Anyway, for those who are following this for the first time without prior knowledge of the newsletter I hope you enjoy each post.I suggest you follow this website/ blog and sign up for the email list because there will be some cool stuff I intend in putting in one or the other. For example: I wil include CANWARN and SKYWARN training schedules when they are provided to me.
As for the rest of the issues, they will all be put on the site, mostly in an abridged version. The first 4 issues will be here as they were published but the rest will be published here as highlights of each issue. For example: each issue has:, a weekly and monthly report of the SAME and 1050 HZ tone test reports, as well as a watchdog report and a CANWARN and SKYWARN Report. As of now, most of these have been separated into their own blog posts. So, joining the mailing list and following this blog are highly Recommended, so you can get the full affect of the newsletter. There are 19 issues so far and the first 4 are here, as I said and the rest will be published here during August, to mark the 20th issues release. Hopefully you enjoy this as much as I have had fun putting all of this together. In fact, here is the first issue of the newletter below.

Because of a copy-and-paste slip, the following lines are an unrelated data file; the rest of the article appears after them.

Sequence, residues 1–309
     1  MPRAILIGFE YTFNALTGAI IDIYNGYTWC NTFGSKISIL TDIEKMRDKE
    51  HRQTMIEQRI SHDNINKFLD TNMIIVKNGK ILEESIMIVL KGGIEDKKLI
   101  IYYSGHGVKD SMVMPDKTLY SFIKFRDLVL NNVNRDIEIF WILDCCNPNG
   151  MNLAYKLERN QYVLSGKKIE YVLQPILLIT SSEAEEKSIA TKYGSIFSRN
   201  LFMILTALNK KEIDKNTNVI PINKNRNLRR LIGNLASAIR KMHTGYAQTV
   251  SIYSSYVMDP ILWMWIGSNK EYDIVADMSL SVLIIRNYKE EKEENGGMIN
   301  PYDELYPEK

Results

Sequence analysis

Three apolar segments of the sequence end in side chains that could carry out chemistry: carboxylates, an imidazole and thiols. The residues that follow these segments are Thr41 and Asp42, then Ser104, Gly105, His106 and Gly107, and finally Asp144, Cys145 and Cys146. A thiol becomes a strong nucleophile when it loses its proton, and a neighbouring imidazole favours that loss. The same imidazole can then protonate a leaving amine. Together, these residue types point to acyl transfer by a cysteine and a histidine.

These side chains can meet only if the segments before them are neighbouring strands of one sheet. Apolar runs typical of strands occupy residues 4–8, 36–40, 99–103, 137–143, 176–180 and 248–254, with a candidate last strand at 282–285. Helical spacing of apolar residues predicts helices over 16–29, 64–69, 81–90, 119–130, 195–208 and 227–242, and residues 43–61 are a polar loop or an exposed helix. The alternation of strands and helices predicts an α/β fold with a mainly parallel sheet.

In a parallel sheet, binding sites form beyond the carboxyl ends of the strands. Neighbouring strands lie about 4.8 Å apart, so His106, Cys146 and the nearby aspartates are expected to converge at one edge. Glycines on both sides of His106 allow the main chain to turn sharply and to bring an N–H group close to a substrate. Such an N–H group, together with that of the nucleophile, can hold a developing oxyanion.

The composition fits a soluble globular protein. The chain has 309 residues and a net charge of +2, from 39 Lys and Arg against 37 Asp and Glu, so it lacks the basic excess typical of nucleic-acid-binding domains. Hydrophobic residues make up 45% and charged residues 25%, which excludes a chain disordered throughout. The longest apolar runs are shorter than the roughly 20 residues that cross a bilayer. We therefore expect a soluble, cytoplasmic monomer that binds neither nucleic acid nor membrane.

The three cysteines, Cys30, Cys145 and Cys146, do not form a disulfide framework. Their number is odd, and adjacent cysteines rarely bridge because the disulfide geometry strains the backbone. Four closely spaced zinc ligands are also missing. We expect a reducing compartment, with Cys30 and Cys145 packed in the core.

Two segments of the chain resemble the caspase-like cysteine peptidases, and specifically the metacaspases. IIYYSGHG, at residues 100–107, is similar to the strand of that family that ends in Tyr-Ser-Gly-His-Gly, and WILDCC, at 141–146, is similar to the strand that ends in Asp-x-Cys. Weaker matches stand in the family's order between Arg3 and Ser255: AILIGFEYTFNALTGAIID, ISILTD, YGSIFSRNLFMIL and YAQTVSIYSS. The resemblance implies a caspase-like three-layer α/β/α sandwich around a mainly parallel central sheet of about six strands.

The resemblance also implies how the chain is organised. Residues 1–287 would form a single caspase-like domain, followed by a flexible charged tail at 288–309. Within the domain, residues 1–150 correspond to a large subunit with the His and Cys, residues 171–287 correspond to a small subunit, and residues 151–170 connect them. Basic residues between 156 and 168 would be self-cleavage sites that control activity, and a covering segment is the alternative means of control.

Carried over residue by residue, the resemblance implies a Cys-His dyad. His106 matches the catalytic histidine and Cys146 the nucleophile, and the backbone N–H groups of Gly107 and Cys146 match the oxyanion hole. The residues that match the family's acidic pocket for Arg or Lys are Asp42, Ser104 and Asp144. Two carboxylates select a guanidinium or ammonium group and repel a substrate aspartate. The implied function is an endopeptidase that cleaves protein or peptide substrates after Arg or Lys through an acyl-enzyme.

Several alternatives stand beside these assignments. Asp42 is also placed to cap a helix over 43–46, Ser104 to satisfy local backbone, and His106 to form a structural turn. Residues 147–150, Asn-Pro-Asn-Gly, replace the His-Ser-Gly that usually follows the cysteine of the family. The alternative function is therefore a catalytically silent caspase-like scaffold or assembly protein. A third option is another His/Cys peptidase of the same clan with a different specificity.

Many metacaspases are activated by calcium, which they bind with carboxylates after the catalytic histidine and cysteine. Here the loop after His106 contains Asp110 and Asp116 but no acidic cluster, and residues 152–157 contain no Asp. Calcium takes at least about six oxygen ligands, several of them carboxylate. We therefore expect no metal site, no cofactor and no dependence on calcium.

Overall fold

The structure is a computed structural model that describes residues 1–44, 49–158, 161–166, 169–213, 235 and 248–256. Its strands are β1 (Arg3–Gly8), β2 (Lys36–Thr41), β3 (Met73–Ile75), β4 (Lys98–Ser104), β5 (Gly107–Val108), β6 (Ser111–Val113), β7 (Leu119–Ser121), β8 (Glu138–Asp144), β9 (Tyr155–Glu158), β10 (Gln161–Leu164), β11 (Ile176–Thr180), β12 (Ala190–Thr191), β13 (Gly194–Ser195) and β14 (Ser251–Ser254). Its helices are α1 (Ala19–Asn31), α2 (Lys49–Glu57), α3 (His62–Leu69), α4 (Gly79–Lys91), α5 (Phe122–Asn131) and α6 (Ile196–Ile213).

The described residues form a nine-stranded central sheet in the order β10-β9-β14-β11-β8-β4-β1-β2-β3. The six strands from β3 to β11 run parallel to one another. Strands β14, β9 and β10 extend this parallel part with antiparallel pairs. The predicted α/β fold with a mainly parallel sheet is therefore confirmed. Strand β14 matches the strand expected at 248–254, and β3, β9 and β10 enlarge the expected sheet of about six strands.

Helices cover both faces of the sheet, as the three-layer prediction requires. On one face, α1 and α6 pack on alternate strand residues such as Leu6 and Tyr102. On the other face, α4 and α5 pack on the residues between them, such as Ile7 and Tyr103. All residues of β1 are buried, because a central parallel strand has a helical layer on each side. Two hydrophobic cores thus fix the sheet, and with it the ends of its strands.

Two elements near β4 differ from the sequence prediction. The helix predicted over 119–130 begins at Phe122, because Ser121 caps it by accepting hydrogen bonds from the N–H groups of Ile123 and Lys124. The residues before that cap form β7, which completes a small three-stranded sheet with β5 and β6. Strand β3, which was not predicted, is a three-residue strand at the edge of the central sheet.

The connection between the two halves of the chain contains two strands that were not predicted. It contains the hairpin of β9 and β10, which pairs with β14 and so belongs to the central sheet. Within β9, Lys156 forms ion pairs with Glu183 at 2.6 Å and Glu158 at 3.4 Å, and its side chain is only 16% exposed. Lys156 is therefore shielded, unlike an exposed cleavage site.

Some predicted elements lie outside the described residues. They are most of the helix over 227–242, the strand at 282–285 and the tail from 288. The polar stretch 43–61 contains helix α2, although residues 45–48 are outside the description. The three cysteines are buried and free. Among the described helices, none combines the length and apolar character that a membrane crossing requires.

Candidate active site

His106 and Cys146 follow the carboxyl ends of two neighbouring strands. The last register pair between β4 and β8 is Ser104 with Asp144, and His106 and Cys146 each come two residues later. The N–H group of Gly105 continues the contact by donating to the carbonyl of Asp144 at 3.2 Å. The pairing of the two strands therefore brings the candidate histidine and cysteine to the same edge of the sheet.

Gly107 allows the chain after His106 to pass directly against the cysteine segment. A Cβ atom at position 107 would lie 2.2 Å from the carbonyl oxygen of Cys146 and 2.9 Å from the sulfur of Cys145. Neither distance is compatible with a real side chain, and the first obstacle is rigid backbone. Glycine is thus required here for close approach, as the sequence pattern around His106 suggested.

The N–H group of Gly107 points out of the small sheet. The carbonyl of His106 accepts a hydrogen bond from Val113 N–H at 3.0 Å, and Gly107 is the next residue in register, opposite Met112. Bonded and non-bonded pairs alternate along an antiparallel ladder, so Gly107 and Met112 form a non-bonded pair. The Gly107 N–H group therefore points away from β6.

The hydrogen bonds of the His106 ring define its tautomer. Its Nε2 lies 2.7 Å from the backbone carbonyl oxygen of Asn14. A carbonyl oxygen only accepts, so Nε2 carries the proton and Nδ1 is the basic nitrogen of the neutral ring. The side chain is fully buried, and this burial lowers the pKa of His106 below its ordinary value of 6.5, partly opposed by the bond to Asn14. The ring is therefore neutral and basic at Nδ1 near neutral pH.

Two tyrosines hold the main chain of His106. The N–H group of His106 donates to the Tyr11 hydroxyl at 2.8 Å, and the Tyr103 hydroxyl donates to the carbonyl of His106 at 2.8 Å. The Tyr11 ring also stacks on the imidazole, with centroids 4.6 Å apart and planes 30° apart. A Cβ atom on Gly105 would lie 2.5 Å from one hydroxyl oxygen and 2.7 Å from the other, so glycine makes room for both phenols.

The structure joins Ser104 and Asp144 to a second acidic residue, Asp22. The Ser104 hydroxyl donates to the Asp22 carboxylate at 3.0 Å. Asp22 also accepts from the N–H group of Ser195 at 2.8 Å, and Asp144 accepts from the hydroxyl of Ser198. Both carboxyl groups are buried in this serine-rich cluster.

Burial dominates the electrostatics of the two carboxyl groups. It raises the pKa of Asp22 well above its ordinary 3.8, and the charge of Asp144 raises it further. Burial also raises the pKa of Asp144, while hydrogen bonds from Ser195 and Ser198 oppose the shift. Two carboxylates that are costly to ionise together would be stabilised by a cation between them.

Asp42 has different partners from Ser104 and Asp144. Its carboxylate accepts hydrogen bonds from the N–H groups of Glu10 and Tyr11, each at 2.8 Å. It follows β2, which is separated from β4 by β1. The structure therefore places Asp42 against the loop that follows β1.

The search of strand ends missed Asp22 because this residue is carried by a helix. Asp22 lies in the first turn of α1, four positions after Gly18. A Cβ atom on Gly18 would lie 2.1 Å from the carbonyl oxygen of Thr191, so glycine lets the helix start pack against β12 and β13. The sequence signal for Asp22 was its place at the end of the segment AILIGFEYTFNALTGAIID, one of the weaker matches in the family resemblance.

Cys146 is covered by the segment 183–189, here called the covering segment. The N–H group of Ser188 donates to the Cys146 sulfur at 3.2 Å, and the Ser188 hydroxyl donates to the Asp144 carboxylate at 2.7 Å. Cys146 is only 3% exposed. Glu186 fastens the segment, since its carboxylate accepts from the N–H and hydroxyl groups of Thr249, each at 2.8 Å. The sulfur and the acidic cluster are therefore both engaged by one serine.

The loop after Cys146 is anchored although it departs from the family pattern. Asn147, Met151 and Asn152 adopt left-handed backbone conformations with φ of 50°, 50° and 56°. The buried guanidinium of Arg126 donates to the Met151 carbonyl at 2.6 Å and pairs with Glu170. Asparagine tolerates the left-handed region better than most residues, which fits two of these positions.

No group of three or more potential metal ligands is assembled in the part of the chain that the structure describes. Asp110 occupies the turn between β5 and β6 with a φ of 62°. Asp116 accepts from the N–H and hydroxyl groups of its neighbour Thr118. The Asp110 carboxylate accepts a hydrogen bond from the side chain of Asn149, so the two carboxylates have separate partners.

WEATHER RADIO LISTENERS NEWSLETTER ISSUE ONE
Authored and Written by Gord Maybee,VA3WXA
Edited by Gord Maybee, George Davis, Denis Paquette and Dennis T. Paganin.
AN INTRODUCTION TO WEATHERADIO IN CANADA AND WEATHER RADIO
Welcome to the first issue of the Weather Radio Listeners Newsletter. In this newsletter
we will discuss Weatheradio Canada and all aspects of this service, as well as provide
general updates as necessary in future issues.
This periodical is designed for both new and seasoned listeners alike. We will discuss
from time to time, subjects such as NOAA (All Hazards Weather Radio), volunteer
programs such as Canwarn and Skywarn; as well as the hobbies using Amateur or
Hamradio. We will also discuss the very important role that Weather Radio plays in
society to inform the general public of weather hazards, potential disasters, storms, and
From time to time, we will answer frequently asked questions and also explain some of
the exciting technology behind this service.
Also to be included are individual stories of how Weather Radio’shas helped to save both